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These projects are a representation of our work. If you would like to know more about these programs or other evaluation projects we have worked on, please contact us.

Frontline healthcare workers are at risk for physical and verbal violence from those they provide care for, with higher rates of violence-related injuries compared to workers in other occupations. In BC, a provincial violence prevention education program was rolled out to staff in high and medium risk healthcare settings. To meet the challenges associated with this complex program and its varied contexts across the province, a realist evaluation was conducted which specifically focuses on explanations of how, why, for whom, and in what circumstances the violence prevention education is effective in preventing violence and related injuries. It also provides practical recommendations for stakeholders about how to improve program outcomes. This evaluation was conducted in partnership with UBC's Partnership for Work, Health & Safety at the School of Population & Public Health, WorkSafe BC. Learn more here.

A Realist Review & Evaluation of the BC Violence Prevention Education Program for Healthcare Workers


Michelle was so committed to the project: she was a real team player and a great colleague to count on over the 2-year project. Her conscientiousness and critical thinking skills were integral to our final deliverables-- on time!

Dr. Maura MacPhee, Professor of Nursing, UBC-Vancouver

Chalkboard with Different Languages

Evaluation of Umoja’s Literacy and Life Skills Program for Immigrants & Refugees

A considerable number of immigrants and refugees face extreme barriers to settlement due to a lack of basic language and numeric skills. Umoja's Literacy and Life Skills program was implemented to help overcome these barriers and support meaningful settlement for immigrants and refugees in Surrey, BC. This utilization-focused evaluation was designed and implemented to help the organization learn about the program's relevance and effectiveness and make evidence-informed decisions about program improvement to better meet client needs. It employed accessible data collection methods, including arts-based data collection techniques, to ensure equitable participation among program participants and helped to build capacity for evaluative thinking within the organization.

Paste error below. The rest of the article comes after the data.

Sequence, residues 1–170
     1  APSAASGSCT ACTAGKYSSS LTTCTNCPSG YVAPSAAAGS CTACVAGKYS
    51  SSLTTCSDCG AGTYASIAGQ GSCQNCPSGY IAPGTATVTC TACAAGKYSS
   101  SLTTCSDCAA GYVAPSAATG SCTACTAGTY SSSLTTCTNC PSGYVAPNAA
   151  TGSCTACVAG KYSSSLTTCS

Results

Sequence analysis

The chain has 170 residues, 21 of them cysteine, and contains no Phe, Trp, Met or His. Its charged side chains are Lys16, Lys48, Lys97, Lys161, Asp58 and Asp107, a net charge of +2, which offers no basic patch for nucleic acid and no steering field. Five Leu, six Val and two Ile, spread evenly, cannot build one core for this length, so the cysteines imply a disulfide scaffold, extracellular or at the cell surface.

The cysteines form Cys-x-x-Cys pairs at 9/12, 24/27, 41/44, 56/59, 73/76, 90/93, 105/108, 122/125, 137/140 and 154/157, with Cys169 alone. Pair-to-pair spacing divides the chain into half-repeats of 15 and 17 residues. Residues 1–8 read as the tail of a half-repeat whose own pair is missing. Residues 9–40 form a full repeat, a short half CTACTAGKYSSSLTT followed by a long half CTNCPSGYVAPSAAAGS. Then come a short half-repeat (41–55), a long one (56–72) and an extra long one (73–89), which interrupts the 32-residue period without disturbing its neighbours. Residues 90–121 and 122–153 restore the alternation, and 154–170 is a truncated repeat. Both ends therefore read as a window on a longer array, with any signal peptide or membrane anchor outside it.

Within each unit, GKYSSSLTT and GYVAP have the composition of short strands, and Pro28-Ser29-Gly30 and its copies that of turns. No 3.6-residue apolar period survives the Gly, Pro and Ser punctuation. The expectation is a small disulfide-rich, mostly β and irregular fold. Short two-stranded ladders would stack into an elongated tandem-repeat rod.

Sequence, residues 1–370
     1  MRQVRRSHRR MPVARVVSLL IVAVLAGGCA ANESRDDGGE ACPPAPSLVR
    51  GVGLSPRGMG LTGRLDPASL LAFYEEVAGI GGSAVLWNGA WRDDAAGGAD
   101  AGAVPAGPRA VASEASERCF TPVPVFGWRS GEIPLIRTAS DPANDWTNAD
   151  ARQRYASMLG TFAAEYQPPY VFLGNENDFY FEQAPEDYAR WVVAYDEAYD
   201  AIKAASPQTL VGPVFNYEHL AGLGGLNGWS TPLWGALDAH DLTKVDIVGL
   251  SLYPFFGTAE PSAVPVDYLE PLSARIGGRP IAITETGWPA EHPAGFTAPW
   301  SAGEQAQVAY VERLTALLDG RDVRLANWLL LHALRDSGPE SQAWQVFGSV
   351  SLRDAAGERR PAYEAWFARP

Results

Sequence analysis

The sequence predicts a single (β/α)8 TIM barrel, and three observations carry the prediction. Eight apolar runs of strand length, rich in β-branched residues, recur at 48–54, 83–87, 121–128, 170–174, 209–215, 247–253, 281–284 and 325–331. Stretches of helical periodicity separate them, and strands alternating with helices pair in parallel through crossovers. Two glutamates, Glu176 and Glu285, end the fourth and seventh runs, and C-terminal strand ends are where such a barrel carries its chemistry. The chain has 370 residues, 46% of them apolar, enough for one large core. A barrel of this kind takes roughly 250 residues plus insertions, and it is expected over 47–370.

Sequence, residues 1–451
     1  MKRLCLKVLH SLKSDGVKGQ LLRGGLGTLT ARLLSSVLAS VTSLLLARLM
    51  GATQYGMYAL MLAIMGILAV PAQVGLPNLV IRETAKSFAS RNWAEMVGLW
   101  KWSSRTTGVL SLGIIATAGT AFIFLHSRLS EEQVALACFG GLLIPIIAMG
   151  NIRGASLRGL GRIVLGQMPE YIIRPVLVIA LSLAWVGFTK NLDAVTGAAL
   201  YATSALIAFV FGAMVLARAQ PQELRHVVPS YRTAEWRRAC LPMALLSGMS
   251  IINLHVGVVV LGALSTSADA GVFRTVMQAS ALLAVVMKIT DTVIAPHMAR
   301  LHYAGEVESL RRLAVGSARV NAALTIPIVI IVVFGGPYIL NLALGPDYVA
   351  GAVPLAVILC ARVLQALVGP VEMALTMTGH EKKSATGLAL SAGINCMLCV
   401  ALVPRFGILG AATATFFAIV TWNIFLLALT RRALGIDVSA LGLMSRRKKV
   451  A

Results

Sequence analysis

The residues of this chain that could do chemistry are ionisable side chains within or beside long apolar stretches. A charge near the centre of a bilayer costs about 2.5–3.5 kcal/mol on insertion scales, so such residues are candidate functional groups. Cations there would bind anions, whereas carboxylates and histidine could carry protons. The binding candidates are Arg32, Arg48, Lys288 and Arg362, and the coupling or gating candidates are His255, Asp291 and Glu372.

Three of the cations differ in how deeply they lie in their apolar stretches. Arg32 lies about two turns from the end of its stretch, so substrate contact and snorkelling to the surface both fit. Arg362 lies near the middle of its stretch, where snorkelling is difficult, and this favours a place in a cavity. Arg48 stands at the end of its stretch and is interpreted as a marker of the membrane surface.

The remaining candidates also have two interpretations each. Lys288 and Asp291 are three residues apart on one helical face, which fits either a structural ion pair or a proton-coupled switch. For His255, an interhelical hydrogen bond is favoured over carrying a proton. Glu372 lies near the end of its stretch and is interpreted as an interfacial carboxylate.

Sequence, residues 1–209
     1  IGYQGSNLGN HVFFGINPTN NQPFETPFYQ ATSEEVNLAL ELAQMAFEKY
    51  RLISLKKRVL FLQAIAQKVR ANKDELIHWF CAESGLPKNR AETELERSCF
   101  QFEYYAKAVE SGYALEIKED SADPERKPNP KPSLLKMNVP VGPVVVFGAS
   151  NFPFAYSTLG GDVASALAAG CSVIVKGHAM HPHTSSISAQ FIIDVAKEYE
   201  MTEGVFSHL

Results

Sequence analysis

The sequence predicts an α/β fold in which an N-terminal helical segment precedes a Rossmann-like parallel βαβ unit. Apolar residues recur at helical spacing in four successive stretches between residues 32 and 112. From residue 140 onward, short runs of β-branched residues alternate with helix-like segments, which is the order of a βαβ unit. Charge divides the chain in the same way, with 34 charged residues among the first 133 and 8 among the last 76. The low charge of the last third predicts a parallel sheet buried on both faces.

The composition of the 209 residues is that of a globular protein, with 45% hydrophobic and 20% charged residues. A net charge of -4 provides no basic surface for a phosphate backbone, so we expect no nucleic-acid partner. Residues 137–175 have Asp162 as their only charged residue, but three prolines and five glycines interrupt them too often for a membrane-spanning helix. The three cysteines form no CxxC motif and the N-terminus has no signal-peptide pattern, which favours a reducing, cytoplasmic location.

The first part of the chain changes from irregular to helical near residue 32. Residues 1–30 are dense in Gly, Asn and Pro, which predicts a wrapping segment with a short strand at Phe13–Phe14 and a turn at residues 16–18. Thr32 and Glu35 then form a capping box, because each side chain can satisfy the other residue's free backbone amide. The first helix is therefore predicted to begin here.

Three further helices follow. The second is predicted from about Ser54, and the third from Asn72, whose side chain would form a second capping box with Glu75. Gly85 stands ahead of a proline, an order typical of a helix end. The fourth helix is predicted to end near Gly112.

"From the very onset of the measurement and evaluation project, Michelle brought energy, immense expertise and a wonderful passion to support the work of our non-profit agency. Michelle took the time to understand the needs of our growing agency and was incredibly helpful, supportive and professional throughout the entire process. She delivered a clear and concisely laid out plan that provided increased focus and direction to our work. If you are looking to work with someone who is professional, knowledgeable with proven results, Michelle is the person!"

Jamie Kopp, Development Director, Umoja

A Multi-Year Evaluation of the Mind, Exercise, Nutrition, Do it! (MEND) Program for the Childhood Obesity Foundation


MEND 7-13 is a community-based program for children who are just departing or are off the healthy weight trajectory in British Columbia.

It is a free 10-week program for children aged 7 to 13 and their families designed to increase healthy eating and physical activity behaviours. This collaborative evaluation examined issues of Reach, Effectiveness, Adoption, Implementation and Maintenance, often referred to as the ‘RE-AIM’ Framework, for 72 MEND programs delivered from July 2014 through June 2016. It also includes findings from the Demonstration Project evaluation of 33 programs for comparison purposes. Access the full report here.

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